And Rep. Veronica EscobarVeronica EscobarAbbott signs bill making concealed carry without permits legal in Texas Democrats weigh next steps on Jan. 6 probe Gun violence: Save the thoughts and prayers, it's time for Senate action MORE (D-Texas), who represents El Paso, said the president's threats are already taking an economic toll on the region.

"This has created incredible chaos. This threat by the president -- his words have consequences," said Escobar.

"Imagine all the time and resources -- public, private sector -- that we're spending because of this threat. This is a true threat to our country. It is so beyond irresponsible and the impact to the nation if it happens, will be catastrophic," she added.

Barela said the region's businesses understand the challenge faced by American border authorities, but that closing the border is not the way to address said challenge.

"Closing the border would be counterproductive. It won't solve the problem, it won't solve the humanitarian crisis we have now, and it will at least in the short term lead to job losses," said Barela.

Vargas added that, barring California, a border closure would mainly hit red states that voted for Trump in 2016, including Texas.

"If he really did close down the border for a long period of time, let's say a month, he could throw us into recession," said Vargas.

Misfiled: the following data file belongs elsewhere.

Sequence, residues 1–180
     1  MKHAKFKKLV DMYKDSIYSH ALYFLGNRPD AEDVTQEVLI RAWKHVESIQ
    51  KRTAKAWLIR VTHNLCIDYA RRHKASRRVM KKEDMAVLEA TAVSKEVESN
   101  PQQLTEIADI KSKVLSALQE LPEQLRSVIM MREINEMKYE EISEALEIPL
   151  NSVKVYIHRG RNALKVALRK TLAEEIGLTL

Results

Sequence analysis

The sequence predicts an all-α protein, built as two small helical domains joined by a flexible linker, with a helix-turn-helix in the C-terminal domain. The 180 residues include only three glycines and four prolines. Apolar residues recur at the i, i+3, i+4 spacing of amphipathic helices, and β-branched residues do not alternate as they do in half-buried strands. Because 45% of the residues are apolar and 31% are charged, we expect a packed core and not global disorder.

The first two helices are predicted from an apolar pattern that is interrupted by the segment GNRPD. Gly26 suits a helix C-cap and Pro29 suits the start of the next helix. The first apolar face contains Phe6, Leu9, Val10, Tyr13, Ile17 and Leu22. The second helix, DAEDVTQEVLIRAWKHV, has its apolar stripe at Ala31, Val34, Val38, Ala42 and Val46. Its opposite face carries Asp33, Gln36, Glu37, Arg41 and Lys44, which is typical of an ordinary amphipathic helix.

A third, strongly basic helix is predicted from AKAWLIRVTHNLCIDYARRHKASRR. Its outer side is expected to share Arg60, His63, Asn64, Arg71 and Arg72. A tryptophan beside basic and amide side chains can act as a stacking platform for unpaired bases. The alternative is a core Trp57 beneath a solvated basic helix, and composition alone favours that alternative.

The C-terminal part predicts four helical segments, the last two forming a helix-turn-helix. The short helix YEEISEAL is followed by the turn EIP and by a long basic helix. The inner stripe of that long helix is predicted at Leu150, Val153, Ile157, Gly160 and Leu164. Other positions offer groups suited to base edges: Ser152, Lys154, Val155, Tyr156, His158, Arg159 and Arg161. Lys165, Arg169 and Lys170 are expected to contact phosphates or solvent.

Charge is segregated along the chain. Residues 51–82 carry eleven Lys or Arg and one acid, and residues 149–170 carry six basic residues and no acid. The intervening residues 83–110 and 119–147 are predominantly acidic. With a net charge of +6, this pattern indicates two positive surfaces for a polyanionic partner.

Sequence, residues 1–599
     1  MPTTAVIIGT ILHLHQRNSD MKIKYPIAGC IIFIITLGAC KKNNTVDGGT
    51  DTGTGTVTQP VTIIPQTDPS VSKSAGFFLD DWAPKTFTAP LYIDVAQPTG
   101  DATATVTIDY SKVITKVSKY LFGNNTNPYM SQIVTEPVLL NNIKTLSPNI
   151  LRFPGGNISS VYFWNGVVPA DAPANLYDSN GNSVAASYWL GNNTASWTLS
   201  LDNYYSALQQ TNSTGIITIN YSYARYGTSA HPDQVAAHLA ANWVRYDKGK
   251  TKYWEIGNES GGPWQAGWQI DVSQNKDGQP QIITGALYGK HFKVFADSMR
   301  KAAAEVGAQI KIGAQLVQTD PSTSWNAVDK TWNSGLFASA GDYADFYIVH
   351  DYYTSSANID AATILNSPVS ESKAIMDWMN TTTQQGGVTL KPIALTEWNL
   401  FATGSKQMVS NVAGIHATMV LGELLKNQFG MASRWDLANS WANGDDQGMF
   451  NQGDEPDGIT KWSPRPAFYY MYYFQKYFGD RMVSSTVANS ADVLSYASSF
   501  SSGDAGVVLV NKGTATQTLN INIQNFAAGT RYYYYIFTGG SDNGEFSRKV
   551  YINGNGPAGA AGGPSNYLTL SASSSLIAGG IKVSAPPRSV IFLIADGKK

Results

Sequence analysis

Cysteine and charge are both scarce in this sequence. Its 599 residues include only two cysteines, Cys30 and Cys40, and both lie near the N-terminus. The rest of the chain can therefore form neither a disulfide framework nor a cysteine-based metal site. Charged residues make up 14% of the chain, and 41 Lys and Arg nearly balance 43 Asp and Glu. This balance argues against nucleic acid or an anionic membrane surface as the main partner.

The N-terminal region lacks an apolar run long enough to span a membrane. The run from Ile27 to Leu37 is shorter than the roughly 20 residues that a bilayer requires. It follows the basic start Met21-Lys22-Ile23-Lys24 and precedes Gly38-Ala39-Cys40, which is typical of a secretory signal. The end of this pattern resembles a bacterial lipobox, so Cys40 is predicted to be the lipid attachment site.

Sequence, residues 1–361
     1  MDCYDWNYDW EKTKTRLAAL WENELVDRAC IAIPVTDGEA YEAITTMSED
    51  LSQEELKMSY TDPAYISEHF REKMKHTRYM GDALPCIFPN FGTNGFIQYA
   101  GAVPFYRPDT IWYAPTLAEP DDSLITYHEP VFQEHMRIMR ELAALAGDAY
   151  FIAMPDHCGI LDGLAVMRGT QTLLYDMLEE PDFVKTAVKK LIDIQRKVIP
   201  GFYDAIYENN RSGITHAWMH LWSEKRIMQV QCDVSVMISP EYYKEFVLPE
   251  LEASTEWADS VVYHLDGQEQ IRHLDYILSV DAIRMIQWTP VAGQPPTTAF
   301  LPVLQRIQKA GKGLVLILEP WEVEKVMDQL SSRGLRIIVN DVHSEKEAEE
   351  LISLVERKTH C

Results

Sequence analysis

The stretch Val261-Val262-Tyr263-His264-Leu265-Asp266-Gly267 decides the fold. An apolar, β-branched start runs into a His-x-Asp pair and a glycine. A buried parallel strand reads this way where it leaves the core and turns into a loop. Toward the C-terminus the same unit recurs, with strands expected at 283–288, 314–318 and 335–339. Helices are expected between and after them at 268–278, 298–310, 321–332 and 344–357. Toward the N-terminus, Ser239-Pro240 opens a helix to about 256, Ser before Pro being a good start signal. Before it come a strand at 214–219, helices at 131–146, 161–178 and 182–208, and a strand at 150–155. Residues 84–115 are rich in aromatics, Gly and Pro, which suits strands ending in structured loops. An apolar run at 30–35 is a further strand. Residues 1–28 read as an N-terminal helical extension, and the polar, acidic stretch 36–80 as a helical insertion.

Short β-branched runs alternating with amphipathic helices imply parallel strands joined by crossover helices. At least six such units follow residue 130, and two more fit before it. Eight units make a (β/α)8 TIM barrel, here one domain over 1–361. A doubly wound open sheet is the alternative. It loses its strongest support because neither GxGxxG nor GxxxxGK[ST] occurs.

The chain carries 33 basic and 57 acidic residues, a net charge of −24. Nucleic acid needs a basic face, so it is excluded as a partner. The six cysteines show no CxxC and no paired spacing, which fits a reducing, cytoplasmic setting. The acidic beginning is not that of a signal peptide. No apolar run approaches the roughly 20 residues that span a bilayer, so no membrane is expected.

"That being said, I think a lot of people around him now are bringing him back to reality, saying, 'this is as dumb as raking the leaves in Finland to stop forest fires,'" he added, in allusion to Trump's claim that Finland prevents forest fires through forest management.

"When he said, 'oh, in Finland they stop the fires by raking the leaves in the forest to stop forest fires.' No they don't, and Finland said, 'no we don't,'" said Vargas. "He doesn't realize how large a forest is, he doesn't realize how important the border is. So this ranks up there with one of the dumbest things he's ever said."

Rep. Michael McCaulMichael Thomas McCaulHouse votes to repeal 2002 Iraq war powers GOP lawmakers urge Biden to add sanctions on Russia over Navalny poisoning Lawmakers urge Biden to be tough on cybersecurity during summit with Putin MORE (R-Texas), a former prosecutor with expertise in hemispheric trade, said he doesn't believe Trump will go through with the threat.

"I think they're starting to step back, they realize the economics of doing that would be disastrous," said McCaul.